Chile’s capital of Santiago presented us with surprises both good and not so good. Like most large cities Santiago has some higher end neighborhoods juxtaposed with lower-income areas that are just as lovely in their grit and character. We were able to experience both ends of the spectrum while visiting this city a little longer than expected.
Our first lovely surprise was a one-night stay at the luxurious Hyatt in Vitacura. A week before arriving in Santiago I coincidentally received an email warning me that my member points were about to expire in March. I quickly looked up hotels in cities we were to visit and found this great hotel that I was able to book with my points. There’s a backpackers miracle if I ever knew one. The $300 dollar room was ours free for just 5000 points and I slept like a baby that night!
The next day we were flying out to Easter Island and would return to Santiago the following week to delve into it further. This was a fortunate decision as I became ill and had to return to Santiago anyways for some medical care (our not so good surprise). After a lovely 8 days on the island we were back in town and had to stay a bit longer than planned. I won’t bore you with details but will say three things: I am thankful for the excellent medical care I received in Santiago, over the moon that we decided to buy that travel insurance (DO NOT leave home without it!) and glad everything turned out beautifully.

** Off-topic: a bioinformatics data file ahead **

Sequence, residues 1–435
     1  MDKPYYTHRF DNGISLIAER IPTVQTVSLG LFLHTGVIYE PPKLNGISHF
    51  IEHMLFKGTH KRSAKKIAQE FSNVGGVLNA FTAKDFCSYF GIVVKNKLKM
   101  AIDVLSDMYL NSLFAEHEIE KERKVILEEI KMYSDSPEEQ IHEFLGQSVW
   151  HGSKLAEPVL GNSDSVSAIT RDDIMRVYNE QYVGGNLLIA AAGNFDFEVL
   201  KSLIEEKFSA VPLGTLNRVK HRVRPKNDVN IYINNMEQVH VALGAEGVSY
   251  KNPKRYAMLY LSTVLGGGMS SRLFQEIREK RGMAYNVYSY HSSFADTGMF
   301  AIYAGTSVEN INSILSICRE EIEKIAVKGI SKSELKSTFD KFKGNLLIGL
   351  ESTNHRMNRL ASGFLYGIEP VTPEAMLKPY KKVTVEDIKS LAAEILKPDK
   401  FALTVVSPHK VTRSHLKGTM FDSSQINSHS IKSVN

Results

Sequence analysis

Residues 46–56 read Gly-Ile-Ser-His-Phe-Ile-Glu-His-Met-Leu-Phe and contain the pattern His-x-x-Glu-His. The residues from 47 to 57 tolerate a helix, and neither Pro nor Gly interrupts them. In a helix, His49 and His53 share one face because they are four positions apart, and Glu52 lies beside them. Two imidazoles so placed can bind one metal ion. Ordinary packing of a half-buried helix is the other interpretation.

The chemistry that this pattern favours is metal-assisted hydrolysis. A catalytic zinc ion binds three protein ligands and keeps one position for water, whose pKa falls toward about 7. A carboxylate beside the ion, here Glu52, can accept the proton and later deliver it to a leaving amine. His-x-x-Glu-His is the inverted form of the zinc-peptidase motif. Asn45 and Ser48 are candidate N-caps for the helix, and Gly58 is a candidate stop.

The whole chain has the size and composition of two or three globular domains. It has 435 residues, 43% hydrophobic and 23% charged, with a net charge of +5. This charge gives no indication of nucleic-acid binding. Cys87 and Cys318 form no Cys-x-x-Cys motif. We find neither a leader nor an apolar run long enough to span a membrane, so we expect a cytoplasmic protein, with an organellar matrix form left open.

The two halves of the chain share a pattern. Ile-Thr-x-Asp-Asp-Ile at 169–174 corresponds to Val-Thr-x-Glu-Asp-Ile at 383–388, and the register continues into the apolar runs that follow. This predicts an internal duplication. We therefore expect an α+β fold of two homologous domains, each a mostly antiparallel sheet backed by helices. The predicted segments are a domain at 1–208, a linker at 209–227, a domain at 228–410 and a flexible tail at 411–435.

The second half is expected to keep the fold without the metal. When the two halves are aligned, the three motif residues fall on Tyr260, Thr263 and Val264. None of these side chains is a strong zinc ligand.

I wish I could say we visited all of the sites we wanted to see in Santiago but that was not the case since I was recovering for most of the time we were there. What I did see in the bits and pieces I explored was a colorful, beautiful modern city full of culture and lovely people. The best and most extensive market I have seen thus far could be found here along with a metro enviable by any rail system found in the States.
We were lucky to be able to do a free walking tour with Tours 4 Tips, the same great company we toured Valparaiso with. We visited the General Cemetery, Parque Forestal, “La Chimba” neighborhood, and finally a bar to try the famous Chilean drink Terremoto. It was also on this tour that we discovered the magnificent market named La Vega. It encompasses numerous blocks and is broken down into a fish, produce and meat market.
I have never seen such an extensive, gorgeous and colorful array of fruits and vegetables in my life. The fish market, which we frequented numerous times since we were cooking at “home”, served up some of the most fresh and mouth-watering fish I have tried. The market has character and heart with its hard-working locals at the backbone of the operation. Its slogan “Despues de Dios esta La Vega” (after God there is La Vega) is a testament to the fact that you could always find a friendly hand at the market, especially after a tragic event (such as Chile’s frequent earthquakes). For a high-quality cooked meal we tried Tio Willy at the market as recommended by our guide. The portions were huge, delicious and a good value for the price.